A review of Trova Heffernan's "An Election for the Ages," which reconstructs the photo-finish defeat of Dino Rossi by Christine Gregoire in the 2004 gubernatorial election and the multiple recounts and controversies that came afterward.
‘An Election for the Ages: Rossi vs. Gregoire, 2004’
by Trova Heffernan
Washington State University Press, 162 pp., $19.95
News stories written about Dino Rossi as he campaigns for the U.S. Senate seat this election season frequently refer to him as the candidate who lost the state’s 2004 gubernatorial race by 133 votes.
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Which is like saying a sports team lost by one point without mentioning the game’s triple overtime and a critical call by the refs.
“An Election for the Ages: Rossi vs. Gregoire, 2004” by Trova Heffernan gives the complete play-by-play of how Rossi lost to Christine Gregoire by 133 votes out of more than 2.8 million cast, a margin of forty six ten thousandth (.0046) of 1 percent.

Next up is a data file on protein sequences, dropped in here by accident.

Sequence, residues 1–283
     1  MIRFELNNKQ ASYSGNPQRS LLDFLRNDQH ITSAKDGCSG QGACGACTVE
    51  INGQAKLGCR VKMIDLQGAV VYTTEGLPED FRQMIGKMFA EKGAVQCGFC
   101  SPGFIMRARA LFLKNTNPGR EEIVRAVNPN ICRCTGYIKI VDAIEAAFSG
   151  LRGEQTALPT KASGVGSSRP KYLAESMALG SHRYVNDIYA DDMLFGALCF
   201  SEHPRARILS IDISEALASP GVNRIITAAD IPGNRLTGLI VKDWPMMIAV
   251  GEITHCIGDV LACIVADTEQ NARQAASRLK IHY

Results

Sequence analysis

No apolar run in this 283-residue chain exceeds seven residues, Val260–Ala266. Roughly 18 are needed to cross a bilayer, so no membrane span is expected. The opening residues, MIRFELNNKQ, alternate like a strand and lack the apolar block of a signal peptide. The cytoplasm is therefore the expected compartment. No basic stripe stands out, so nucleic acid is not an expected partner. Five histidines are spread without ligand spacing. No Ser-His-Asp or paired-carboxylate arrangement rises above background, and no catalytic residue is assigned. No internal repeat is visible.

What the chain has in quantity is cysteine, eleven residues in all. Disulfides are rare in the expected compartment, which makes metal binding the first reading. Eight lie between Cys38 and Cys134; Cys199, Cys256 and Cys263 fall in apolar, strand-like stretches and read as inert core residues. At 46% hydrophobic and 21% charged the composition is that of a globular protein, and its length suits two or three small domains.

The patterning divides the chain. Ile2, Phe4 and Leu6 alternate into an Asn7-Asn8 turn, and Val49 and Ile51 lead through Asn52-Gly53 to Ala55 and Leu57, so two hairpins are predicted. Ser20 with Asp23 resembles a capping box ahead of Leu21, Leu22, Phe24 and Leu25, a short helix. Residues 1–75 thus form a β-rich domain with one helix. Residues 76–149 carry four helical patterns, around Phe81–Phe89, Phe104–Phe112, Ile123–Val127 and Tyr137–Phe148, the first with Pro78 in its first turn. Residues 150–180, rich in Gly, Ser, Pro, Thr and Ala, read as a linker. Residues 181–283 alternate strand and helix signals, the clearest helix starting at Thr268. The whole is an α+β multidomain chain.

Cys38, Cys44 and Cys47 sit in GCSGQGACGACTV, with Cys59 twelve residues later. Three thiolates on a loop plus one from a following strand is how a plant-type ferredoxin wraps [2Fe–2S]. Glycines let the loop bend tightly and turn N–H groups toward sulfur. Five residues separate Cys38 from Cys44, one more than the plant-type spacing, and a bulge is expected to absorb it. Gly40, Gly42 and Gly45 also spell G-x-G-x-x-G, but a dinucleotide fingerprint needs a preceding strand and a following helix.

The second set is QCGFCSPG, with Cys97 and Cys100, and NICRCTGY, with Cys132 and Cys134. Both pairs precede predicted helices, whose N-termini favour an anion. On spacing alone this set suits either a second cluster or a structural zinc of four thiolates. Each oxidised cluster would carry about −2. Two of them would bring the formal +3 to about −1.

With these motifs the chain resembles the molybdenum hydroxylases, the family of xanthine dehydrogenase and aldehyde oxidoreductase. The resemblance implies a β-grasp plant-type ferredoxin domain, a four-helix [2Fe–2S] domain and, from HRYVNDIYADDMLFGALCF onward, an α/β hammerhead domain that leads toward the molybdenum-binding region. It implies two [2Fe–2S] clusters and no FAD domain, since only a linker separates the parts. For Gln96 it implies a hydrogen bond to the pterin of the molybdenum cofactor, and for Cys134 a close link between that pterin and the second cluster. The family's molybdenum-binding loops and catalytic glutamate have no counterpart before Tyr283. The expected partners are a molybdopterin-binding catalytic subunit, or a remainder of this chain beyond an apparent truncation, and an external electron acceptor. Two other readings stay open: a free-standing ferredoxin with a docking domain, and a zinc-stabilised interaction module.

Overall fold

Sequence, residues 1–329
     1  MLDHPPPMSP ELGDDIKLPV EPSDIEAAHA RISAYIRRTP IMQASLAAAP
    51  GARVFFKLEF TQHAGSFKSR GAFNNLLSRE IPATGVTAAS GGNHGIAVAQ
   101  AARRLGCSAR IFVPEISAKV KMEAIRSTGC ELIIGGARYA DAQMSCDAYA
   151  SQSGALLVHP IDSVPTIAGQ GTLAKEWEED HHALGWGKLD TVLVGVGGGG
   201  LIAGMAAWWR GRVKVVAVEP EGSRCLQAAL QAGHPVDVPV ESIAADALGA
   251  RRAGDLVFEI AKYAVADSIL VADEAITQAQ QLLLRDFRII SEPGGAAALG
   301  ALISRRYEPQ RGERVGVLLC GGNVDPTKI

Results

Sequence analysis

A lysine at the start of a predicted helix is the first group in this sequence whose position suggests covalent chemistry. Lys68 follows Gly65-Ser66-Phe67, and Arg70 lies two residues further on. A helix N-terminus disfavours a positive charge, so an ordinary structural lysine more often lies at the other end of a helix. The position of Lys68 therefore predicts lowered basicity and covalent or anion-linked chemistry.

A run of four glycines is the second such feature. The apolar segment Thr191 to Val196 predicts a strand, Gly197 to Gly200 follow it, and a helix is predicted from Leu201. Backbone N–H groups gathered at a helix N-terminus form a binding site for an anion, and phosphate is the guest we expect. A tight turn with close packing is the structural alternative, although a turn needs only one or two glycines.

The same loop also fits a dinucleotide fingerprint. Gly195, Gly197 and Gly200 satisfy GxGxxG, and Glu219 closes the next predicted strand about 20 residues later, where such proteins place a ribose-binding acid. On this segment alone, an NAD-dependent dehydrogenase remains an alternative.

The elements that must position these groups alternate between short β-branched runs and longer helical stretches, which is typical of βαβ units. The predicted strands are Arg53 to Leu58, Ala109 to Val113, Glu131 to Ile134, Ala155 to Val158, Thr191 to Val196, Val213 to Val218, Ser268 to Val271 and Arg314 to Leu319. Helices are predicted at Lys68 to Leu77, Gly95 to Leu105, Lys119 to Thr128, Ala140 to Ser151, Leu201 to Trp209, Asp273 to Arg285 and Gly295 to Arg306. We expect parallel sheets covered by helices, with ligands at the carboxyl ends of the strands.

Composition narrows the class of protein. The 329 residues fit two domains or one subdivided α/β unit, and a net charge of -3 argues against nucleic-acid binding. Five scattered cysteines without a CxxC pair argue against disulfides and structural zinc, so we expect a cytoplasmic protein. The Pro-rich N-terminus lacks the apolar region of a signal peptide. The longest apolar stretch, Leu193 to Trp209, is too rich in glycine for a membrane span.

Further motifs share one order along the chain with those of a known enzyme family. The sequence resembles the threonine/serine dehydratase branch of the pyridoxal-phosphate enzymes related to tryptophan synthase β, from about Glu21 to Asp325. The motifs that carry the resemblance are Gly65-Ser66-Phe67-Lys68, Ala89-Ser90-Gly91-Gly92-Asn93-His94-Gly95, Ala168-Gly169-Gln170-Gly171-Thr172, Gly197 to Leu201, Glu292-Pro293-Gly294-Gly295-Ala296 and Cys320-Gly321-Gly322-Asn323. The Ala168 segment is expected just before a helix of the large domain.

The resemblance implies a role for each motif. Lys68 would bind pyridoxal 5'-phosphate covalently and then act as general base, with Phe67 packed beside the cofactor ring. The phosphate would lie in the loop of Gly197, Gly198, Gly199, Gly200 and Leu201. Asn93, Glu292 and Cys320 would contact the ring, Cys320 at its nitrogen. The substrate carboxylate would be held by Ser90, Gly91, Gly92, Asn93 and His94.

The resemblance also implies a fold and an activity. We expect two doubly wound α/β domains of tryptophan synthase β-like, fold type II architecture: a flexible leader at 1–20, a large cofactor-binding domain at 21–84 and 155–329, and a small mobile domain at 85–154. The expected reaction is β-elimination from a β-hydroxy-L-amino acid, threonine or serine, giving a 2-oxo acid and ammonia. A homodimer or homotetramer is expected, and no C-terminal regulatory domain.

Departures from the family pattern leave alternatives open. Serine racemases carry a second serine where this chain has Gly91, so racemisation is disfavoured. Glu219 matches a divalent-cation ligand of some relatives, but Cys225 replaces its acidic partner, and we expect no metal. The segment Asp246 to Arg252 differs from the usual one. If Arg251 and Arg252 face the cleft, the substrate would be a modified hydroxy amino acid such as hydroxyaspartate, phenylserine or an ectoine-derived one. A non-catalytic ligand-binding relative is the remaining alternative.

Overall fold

The Nov. 2, 2004, election wasn’t decided until June 6, 2005, when Rossi announced he would not appeal a court decision declaring Gregoire the winner. This came after the original count of the ballots, a machine recount and a hand recount, all taking place in a swirl of charges and countercharges by Democrats and Republicans that included accusations of voter fraud, mishandled and/or lost ballots, impropriety in county elections offices and legal misinterpretations and mishandling by Sam Reed, the secretary of state.
The book ends by quoting Gonzaga University’s praise for Reed when awarding him its law medal for his “integrity and actions in respect of the rule of law” during the election. But the book is remarkably evenhanded concerning Reed, especially given that it was written by Reed’s communications director.
If, as is often said, journalism is the first draft of history, this book is version 1.1 at best. It’s valuable for gathering in one place newspaper and broadcast reports, press releases and court opinions about the drawn-out election. But don’t expect further analysis, commentary or much in the way of added detail. And you already know the ending: Rossi lost by 133 votes.
John B. Saul is a former editor at The Seattle Times.